The first half here sets this one up quite nicely. Opener ‘Grid Specter’ features tight, twisting riff-work and pounding drumming along a steady furious pace with plenty of twisting technical patterns within the mid-tempo charge with thumping rhythms driving the frantic riffing through the blistering solo section and on through the winding final half for a solid, raging opener. ‘Cult of the Dead’ uses a tight, crunchy series of riffing against utterly blistering, frantic drumming into a steady, solid mid-tempo charge with plenty of blistering rhythms working into a frenzied pace holding the main rhythms into the melodic solo section leading the discordant rhythms to carry into the finale for another strong effort. ‘Revived by Surgery’ takes a stuttering series of start/stop swirling riffing and tight drumming into a plodding mid-tempo series of riff-work that turns into a rather frantic series of blazing riff-work and frenzied drumming leading into the fade-out final half for a wholly unappealing and rather disappointing track. ‘Under the Serpent Tree’ uses a steady, gradual build-up that turns into a bouncy up-tempo series of crunchy riffing and plenty of pounding drumming that manages to bring the explosive patterns to thrash along to the strong swirling riffing stuttering into the solo section and carrying along into the finale for a more enjoyable effort. ‘Hell Is a Crematory’ features steady, mid-tempo charging riff-work with plenty of crunchy riff-work along through the plodding rhythms that work alongside the squealing leads with the plodding chug riffing before kicking up the energy with furious riffing and pounding drumming in the solo section and carrying that through the final half for a better track in the later half.

The second half here isn’t as enjoyable here and really shows off the album’s flaws. ‘Body Collector’ uses the sampled squished-meat intro to lead into a steady mid-tempo rhythms with the occasional blast into raging up-tempo drumming that manages to bring the riffing out of the plodding paces into tight, crunchy chugging into the solo section and carrying into the finale for a decent if not all that impressive effort. ‘Haunted Mental Asylum’ takes rocking drum-work and stylized riffing on through a bouncy mid-tempo pace with a steady crunch from the riffing holding the main series of thrashing riff-work running along throughout the raging solo section and keeping the blistering paces throughout the final half for a stellar highlight. ‘Sleep Paralysis’ features crunchy mid-tempo riffing chugging along to mid-tempo drum-work that settles nicely into mid-tempo thumping rhythms with stylish, fiery riffing keeping the steady pace along through the atmospheric melodies before kicking back into the frantic rhythms in the finale for a solid and enjoyable effort. ‘Neurotoxic Fire’ features simple swirling riffing with steady, mid-tempo pounding drumming keeping the rumbling chugging patterns holding along at an unchanging tempo with a sweeping series of crunchy chug-patterns throughout the solo section and keeping hold until the final half for a wholly solid and enjoyable effort. Finally, the epic album-closer ‘Dystopia’ uses an extended fade-in intro as the scratchy sampled voices gradually give way to ripping drumming and crushing mid-tempo chugging riff-work keeping a steady stream of thrashing rhythms along at a straightforward pace that lets the series of solo sections work through the varying tempos utilized with the straightforward tempos working along into the mid-tempo finale for a solid and decent if entirely overlong effort for a somewhat disappointing lasting impression.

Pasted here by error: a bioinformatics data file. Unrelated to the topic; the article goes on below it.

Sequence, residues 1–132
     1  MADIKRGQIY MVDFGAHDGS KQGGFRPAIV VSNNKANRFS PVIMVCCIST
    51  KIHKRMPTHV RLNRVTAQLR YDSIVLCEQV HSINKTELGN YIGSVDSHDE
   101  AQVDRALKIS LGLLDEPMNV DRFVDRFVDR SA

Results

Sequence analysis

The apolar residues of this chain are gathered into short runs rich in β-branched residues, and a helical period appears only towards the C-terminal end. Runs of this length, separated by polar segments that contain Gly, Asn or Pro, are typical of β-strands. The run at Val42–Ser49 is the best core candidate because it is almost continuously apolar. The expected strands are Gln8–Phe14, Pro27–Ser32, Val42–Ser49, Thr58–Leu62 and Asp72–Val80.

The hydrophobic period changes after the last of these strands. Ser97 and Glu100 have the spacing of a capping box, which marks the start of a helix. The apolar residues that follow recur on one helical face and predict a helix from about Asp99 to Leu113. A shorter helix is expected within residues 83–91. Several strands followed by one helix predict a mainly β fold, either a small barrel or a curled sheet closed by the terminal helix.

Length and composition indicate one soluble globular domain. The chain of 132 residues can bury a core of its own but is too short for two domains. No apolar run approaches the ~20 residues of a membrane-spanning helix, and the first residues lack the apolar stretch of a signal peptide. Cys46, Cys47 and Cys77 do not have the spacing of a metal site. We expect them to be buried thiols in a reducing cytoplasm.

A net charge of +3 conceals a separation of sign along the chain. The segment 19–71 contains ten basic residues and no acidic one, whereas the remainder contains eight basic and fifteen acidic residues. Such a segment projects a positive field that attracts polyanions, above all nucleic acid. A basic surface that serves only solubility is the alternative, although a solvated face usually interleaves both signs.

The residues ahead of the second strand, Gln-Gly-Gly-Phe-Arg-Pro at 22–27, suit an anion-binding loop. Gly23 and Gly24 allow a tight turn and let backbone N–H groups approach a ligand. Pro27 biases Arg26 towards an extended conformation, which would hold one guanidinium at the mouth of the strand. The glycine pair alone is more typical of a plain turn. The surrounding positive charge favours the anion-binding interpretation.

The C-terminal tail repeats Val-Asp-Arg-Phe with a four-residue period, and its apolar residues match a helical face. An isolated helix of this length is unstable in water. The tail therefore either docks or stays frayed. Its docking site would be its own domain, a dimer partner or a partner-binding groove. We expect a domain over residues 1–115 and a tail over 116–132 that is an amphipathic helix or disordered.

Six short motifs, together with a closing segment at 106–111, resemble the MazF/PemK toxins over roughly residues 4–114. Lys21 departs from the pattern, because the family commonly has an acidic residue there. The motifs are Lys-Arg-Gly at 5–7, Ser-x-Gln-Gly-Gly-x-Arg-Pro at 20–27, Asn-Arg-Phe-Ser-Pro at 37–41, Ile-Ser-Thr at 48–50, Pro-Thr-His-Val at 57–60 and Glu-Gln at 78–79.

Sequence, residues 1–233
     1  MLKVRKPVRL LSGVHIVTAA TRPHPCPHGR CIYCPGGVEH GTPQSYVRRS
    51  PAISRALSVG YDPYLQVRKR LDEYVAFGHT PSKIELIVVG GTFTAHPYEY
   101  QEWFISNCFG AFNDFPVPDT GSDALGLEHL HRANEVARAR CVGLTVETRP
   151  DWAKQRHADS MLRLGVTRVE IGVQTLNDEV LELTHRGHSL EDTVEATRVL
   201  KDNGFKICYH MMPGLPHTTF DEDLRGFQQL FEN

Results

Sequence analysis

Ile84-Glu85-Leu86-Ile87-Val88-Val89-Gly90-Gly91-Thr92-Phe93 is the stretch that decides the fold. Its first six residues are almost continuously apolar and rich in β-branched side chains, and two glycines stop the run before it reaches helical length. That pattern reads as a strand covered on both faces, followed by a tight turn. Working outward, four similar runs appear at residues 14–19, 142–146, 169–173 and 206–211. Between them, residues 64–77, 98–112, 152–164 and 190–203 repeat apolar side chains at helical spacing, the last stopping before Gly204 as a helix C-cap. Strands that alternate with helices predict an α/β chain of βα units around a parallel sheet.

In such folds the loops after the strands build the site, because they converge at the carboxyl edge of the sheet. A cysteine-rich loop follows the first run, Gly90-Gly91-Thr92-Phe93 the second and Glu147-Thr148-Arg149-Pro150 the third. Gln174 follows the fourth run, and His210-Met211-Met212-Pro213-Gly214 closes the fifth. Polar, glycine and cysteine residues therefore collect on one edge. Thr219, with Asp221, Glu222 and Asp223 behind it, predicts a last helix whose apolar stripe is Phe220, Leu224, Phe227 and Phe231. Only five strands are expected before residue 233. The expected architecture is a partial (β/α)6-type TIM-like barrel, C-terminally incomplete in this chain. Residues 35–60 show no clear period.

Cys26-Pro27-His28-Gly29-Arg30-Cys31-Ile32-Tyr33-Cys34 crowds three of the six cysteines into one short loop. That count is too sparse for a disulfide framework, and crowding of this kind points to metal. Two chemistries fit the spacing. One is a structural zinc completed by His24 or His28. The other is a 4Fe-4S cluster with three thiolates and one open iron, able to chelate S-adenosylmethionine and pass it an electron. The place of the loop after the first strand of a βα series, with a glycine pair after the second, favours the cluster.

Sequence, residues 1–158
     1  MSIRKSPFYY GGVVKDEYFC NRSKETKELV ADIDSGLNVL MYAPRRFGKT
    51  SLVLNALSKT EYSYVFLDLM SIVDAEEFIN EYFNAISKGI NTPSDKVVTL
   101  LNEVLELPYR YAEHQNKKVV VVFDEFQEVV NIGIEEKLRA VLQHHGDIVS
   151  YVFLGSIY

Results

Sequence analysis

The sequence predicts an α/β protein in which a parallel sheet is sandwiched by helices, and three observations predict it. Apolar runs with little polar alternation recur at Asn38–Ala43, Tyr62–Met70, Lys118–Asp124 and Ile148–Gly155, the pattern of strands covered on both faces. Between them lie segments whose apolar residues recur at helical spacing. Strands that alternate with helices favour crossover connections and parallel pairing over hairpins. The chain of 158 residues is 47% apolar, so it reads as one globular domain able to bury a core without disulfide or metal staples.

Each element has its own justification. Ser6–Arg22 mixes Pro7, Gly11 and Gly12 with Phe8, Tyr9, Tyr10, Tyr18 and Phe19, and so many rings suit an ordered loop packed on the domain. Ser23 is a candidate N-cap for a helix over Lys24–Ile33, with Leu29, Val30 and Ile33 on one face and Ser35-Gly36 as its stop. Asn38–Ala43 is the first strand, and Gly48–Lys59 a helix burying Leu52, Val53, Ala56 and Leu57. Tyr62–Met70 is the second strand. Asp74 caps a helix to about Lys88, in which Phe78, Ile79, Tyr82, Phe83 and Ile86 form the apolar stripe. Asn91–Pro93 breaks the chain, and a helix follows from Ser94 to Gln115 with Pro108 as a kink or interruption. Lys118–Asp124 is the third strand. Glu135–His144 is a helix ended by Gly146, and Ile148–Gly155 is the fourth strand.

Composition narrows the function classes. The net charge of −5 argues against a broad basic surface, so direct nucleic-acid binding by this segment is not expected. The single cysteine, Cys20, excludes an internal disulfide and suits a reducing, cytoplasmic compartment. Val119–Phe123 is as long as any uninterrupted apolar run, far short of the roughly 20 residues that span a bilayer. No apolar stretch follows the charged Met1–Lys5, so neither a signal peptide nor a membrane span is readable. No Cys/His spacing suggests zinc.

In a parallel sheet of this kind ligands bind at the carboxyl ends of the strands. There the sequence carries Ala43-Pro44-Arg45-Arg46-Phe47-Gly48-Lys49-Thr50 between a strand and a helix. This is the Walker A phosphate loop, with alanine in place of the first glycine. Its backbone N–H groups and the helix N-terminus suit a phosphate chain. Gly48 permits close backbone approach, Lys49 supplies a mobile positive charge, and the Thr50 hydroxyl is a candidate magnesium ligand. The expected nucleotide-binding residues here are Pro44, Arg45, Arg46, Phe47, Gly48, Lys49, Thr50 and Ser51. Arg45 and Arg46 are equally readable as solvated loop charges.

While it’s a fine enough listen on its own right, the fact that this one here hardly ever seems to go for the kill in regards to it’s intensity and ferocity does hold it back to the point that it’s really more for the most undiscriminating thrash aficionados or German metal connoisseurs who will find the most to enjoy here as others will undoubtedly approve of more vicious acts out there.